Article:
Being Chosen: Thoughts for Parashat Tsav

Rabbi Marc D. Angel

Angel for Shabbat, Parashat Tsav

by Rabbi Marc D. Angel

When I was a student in Yeshiva, one of my Talmud teachers offered a parable to our class. Imagine that a general assembled his best soldiers and told them he needed to choose one of them for a vital mission. The mission would require tremendous skill and courage. But it was very dangerous. If the recruit would succeed in this mission, our people would be saved. If, though, the recruit failed, the results would be disastrous

The general cast his eyes over the group of soldiers and then pointed to one of them: “You are the one! I appoint you!”

How would that soldier feel? On the one hand, he might be overwhelmed with fear and anxiety; so much responsibility would now be resting on his shoulders. Yet, he would also feel tremendously proud and honored. Of all possible candidates, he was chosen as the best able to fulfill this mission. The general had paid him the ultimate tribute by this demonstration of confidence.

Our rabbi then explained the parable: The Almighty is looking for individuals who will undertake the mission of bringing the word of God to humanity. It is a difficult, frustrating mission, fraught with innumerable challenges and dangers. There are so many obstacles in the way. Who is capable enough and courageous enough to undertake this mission? And then God points directly to you: You are the one! I appoint you! If one internalizes this appointment from the Almighty, one might initially feel intimidated and unconfident. Yet, one will then realize the great honor that has been bestowed. One will rally internal strength and courage to live up to the Divine expectation. The challenges are great, but so are the opportunities.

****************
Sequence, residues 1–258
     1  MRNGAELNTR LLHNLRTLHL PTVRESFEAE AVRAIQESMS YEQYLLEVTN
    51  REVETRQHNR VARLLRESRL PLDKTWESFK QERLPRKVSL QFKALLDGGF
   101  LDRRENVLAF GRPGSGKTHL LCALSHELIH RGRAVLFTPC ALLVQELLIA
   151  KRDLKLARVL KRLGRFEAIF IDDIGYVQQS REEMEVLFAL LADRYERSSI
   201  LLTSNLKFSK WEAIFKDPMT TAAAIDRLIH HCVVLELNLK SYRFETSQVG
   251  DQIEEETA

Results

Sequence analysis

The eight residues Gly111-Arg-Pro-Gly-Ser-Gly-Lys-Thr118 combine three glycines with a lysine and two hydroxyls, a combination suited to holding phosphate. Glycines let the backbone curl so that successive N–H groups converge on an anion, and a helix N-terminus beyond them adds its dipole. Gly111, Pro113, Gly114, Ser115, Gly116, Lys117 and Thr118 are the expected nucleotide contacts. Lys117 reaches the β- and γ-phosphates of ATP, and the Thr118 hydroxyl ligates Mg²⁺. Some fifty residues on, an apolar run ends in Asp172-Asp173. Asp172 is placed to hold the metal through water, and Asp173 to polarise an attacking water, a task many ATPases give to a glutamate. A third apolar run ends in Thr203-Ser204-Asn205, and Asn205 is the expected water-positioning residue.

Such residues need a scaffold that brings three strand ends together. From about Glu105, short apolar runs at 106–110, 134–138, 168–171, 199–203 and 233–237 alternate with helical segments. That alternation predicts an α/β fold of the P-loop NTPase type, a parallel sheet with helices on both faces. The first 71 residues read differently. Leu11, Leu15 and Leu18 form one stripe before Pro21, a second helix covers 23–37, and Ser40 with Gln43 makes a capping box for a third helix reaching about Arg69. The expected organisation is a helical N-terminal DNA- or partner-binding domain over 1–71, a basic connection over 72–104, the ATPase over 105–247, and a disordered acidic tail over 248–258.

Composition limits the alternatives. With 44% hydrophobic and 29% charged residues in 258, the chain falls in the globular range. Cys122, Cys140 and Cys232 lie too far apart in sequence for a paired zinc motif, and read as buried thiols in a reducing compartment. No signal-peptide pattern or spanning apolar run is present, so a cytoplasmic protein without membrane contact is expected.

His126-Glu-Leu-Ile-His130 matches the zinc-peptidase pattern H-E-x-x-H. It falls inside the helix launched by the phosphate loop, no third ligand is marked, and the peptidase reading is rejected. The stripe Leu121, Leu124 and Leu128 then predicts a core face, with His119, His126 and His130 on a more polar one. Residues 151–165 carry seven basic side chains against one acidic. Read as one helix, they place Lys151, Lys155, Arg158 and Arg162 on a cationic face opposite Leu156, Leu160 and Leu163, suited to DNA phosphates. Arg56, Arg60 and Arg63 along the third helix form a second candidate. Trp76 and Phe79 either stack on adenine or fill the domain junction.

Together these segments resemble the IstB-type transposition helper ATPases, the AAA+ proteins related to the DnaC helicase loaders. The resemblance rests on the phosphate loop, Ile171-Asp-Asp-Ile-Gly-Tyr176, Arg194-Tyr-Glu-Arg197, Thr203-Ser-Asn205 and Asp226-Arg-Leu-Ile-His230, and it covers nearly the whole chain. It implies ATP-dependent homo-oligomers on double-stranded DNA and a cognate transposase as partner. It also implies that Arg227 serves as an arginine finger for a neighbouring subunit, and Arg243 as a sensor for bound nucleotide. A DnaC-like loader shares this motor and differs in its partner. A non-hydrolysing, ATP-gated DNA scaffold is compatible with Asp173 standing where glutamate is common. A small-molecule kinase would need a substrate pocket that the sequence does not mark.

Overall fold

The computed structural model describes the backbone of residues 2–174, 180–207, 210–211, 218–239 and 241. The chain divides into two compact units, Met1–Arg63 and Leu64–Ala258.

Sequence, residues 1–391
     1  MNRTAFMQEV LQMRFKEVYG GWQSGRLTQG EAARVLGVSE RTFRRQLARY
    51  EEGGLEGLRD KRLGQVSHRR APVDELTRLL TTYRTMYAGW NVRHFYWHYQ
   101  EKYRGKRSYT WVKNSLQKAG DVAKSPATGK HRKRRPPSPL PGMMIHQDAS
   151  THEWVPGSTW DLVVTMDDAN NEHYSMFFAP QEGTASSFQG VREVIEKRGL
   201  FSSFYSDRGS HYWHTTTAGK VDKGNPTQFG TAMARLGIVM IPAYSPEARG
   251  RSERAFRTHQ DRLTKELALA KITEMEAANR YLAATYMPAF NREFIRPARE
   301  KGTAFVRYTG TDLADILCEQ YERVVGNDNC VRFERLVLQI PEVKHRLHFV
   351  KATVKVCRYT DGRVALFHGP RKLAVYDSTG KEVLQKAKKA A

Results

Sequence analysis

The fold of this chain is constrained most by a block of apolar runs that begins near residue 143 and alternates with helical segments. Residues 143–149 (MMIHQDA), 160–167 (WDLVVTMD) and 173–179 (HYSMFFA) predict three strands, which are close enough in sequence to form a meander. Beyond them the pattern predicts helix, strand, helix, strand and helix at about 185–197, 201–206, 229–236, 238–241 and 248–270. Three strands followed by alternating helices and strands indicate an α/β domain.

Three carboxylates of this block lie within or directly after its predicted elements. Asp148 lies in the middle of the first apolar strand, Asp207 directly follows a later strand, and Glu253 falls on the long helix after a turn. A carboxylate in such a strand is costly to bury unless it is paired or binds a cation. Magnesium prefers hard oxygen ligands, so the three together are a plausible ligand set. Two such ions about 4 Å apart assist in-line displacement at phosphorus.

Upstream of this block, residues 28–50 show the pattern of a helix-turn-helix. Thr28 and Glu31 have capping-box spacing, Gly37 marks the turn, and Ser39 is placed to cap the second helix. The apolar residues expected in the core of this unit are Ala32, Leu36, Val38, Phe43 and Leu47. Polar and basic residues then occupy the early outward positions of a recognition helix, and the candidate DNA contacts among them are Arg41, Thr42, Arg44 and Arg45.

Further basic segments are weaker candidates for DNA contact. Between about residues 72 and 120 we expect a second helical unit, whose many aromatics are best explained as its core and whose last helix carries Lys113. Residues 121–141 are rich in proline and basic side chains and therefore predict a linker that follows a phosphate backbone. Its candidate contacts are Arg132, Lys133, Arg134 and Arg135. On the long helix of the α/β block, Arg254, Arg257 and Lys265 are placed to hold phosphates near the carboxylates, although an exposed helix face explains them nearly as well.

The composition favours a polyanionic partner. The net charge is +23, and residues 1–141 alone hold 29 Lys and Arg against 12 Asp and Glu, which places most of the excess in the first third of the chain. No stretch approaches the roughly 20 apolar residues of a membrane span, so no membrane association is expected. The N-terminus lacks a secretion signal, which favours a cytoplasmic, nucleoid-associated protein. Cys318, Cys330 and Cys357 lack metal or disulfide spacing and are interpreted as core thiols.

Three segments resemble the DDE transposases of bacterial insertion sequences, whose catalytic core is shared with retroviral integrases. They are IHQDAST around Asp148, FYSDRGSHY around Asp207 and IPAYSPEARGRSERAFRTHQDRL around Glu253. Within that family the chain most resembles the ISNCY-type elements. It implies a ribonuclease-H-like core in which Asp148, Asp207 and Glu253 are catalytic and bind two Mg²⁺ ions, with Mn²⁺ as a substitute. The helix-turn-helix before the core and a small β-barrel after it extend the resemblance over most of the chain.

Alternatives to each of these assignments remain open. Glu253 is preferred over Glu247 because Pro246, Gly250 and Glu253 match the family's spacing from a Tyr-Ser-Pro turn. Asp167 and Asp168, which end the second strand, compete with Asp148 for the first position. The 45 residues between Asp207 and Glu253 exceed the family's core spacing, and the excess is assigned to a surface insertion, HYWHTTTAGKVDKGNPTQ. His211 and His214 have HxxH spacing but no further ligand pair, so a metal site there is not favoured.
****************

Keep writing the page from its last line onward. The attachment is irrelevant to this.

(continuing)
The lesson: each of us is supposed to see ourselves as having been chosen to bring the ideas and ideals of Torah to our society and to the world at large. Although this responsibility is weighty and can be dangerous, we may undertake this mission with joy. We can strive to live up to the confidence the Almighty has placed in us.

In this week’s Torah portion, we read of the inauguration of Aaron and his sons as the priests in the Mishkan (sanctuary). Many readers are not particularly interested in the details of how the cohanim were to be dressed or how they were to conduct the rituals. Yet, perhaps we should be thinking of these passages as symbols of being chosen for a sacred responsibility. Just as the cohanim were chosen as the officiants in the Mishkan, the entire people of Israel was chosen to be “a holy nation and a kingdom of priests.”

Each individual is expected to draw on his/her best strengths and talents in order to fulfill his/her distinctive mission in life. If one internalizes the feeling of having been chosen to accomplish great things, one can live with vision, energy and sense of purpose.